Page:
Image of a heart with rainbows

Author Interview: Sabrina Blaum Chats about The Deal

Author Chat IHS Logo
Get ready to learn more about the book The Deal in this discussion with sapphic author Sabrina Blaum.

Join us for an exclusive peek behind the scenes as we quiz Sabrina Blaum about The Deal, writing, reading, and more.

This book is part of the Found Family category in the 2024 IHS Reading Challenge.

Why did you write The Deal?

Fake relationships hadn’t been a trope that I had read much or paid a lot of attention to, yet my best friend loves this trope, and she beta reads all my work. So, I’d decided to write a book with that trope for her. I also had finished my first Constellation book, The Chase, at the time. In it, I really liked E a lot, and I wanted to continue her story. So, I combined the two of them.

Who is your favorite character in the book?

This is a hard one. E is more like me, and I really like how calm and relaxed she is. At the same time, I find Nicole more appealing, because once again, she’s a more closed-off character with an affinity for control and a regimented life. Seems like catnip to me.

What was the biggest challenge writing this book?

This was the hardest one to write out of the Constellation series. I just couldn’t seem to get the characters right at first. After that struggle, it turned into a total pain in revisions. I did so many “final” revisions for this one. It might also has given me so many problems because at 92k words, it’s the longest I’ve written and published. Then there’s the forever long sex scene in there. That was a hard one to write and an even more difficult one to revise/proof. I’ll never write such a long sex scene again, that’s for sure.

How much research did you need to do for The Deal?

I had to research making alcohol quite a bit since that’s something I only had heard of before. So, that was really interesting. I learned quite a bit, mind you, I have zero interest in making alcohol myself. It seems like a tedious process with so much waste.

Where do you usually write, and what do you need in your writing space to help you stay focused?

I write mostly either at the breakfast table or the living room at our house. I need to be more mindful of my hands and posture, though, as my hands recently have been giving me some trouble. I bought a lap desk to be able to keep writing while sitting on the couch. I also got a new keyboard that’s better for my hands, but I’m still so slow typing on it, so it’s been a work in progress. I don’t like to cut myself off from my family when writing, so I don’t withdraw into a solitary space. I can write both with noise around me and in silence, so I really just need my laptop and a comfortable space to sit.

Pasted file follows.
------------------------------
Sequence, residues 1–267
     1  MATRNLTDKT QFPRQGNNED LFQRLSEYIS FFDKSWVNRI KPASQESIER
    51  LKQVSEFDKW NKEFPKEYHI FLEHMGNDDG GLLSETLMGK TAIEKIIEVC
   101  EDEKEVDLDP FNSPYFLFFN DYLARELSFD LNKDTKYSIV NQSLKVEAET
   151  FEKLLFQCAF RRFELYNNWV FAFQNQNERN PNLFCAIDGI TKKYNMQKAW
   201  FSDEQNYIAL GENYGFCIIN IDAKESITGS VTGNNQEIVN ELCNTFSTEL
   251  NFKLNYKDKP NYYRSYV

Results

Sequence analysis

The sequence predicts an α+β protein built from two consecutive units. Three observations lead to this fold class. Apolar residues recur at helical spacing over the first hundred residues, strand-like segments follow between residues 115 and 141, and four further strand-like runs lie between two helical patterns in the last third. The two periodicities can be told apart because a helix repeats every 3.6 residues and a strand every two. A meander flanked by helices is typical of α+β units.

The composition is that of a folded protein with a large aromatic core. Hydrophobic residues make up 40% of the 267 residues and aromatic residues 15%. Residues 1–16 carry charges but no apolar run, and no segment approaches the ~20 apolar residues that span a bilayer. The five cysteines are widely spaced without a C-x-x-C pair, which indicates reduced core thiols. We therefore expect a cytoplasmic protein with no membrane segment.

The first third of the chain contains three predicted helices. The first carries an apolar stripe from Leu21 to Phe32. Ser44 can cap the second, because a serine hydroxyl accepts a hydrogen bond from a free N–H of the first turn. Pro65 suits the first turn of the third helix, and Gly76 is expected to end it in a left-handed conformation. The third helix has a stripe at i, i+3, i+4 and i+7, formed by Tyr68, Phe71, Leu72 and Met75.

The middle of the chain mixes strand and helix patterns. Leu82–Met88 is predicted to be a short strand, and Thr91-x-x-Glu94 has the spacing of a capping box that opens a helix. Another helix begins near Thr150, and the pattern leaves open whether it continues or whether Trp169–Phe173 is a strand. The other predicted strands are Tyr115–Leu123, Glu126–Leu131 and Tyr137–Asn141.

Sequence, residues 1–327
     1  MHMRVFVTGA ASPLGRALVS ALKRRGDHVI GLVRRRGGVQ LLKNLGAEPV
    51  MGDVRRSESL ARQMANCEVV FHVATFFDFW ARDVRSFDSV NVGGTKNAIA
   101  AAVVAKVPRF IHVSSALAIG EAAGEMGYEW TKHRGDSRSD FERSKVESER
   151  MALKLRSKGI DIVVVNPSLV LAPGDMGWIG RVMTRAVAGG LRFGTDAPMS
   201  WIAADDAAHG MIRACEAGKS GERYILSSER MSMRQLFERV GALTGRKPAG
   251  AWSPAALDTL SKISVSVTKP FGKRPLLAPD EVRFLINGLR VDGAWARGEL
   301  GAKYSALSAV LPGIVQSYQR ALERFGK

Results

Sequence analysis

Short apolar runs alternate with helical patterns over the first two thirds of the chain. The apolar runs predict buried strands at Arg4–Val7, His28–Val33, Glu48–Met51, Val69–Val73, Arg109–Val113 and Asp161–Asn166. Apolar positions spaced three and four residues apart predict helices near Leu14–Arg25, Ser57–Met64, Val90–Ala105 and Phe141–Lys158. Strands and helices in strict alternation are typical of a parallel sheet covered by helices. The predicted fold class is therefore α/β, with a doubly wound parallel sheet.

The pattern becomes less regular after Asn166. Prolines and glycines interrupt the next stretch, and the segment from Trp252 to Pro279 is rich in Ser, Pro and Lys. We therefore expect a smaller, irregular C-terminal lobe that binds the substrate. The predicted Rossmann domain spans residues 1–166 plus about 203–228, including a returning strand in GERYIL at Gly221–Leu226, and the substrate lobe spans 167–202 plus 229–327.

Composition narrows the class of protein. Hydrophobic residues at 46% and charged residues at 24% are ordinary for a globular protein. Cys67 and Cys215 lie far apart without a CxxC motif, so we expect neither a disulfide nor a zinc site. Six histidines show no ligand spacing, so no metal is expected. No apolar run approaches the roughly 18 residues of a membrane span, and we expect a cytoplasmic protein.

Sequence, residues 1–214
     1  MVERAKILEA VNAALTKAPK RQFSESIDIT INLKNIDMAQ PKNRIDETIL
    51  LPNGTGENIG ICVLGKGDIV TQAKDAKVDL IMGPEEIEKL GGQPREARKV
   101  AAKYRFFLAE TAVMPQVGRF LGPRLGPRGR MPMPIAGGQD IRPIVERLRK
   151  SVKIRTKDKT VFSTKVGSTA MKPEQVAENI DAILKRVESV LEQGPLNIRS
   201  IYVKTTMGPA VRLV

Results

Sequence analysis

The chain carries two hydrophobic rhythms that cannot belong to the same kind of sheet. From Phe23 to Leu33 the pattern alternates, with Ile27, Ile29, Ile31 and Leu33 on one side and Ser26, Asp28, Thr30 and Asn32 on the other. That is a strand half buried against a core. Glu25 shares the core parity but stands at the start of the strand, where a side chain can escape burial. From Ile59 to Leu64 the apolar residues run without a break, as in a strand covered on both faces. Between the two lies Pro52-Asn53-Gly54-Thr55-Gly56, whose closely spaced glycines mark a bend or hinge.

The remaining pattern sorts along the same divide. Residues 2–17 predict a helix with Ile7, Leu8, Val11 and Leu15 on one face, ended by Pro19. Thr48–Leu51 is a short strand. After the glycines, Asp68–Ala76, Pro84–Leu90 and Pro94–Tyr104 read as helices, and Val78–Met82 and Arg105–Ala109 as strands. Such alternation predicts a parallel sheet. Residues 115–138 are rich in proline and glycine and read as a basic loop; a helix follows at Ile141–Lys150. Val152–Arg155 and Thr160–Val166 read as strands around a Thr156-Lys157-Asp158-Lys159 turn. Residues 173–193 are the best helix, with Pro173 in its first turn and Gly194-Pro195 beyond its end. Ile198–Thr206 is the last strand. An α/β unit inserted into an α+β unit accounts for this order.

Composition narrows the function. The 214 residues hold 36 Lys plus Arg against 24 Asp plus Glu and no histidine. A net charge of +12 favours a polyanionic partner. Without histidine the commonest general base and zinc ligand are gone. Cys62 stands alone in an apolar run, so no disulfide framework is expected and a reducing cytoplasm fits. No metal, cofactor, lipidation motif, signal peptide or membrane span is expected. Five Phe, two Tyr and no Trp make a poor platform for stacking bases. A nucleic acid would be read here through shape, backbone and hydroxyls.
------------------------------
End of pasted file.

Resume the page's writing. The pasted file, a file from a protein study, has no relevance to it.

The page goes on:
Do you have a pet who helps/hinders your typing?

Yes. Kit Kat, our 19-year-old cat. She’s something else. She loves to sit next to me when I’m writing, and then often ends up–somehow–with her paws on my keyboard. She seems to especially enjoy doing that when I am proofreading. I have come back to my open laptop with random letters added, courtesy of Kit Kat. She’s really loving and affectionate, but she doesn’t want to be held or sit on your lap, yet she will make sure a part of her body (paw with one claw digging into your pants, or her head) rests on you in some form.

When you’re writing an emotional or difficult scene, how do you set the mood?

I don’t. I just sit down and write. I will say, though, there are some scenes that are more difficult to write based on my mood. So if that happens, then I will just come back to it later. But generally, I don’t set any moods. It does help to have been writing for a bit already before getting to such a scene. By that, I mean that it’s easier to write such a scene in the middle or toward the end of one of my writing sessions compared to sitting down and starting a session with such a scene.

Do you feel bad putting your characters through the wringer?

I don’t. I mean, there are moments when I am reading it and I am going, damn, that’s awful, poor XYZ. But while writing, not so much. I am focused on getting the scene right and making everything believable, so I am not approaching it from a readers perspective when I am writing.

There is a character in a book I plan to publish the end of this year. It’s a story I’ve been working on since 2012 (let’s not talk about that), and this character likely endures the most trauma. It’s a historical science fiction (time travel) piece. I remember one read-through where I just sat there thinking, holy hell. She really endures a lot. Do I feel bad? No. It’s part of the story and that’s what makes it work. I am not intentionally cruel or sadistic to my characters, but a story thrives on conflict and drama to a degree, so, some gotta suffer.

Describe your favorite reading spot.

I like to read while lying in bed. It’s just so comfortable, and it then truly feels like a leisure activity compared to when I am sitting down somewhere to read. Perhaps because most reading that I do while sitting relates to my own writing/proofing.

Have you ever thought you’d hate a book, but ended up loving it?

I often want to quit all books by Naomi Novik that I start reading. Like within the first two to three chapters, I don’t feel the book or the characters. I might feel lost in the world and I am all like, what even is this? Then, she suddenly grabs me and I cannot stop reading and I become obsessed with the book/series.

Meet Sabrina Blaum

I’m originally from Germany, but I’ve been living in east Alabama for the last twenty years with my family. I love to read and write, and I used to teach English Composition at a local university.

Visit Sabrina’s Website

share on:

Author Interview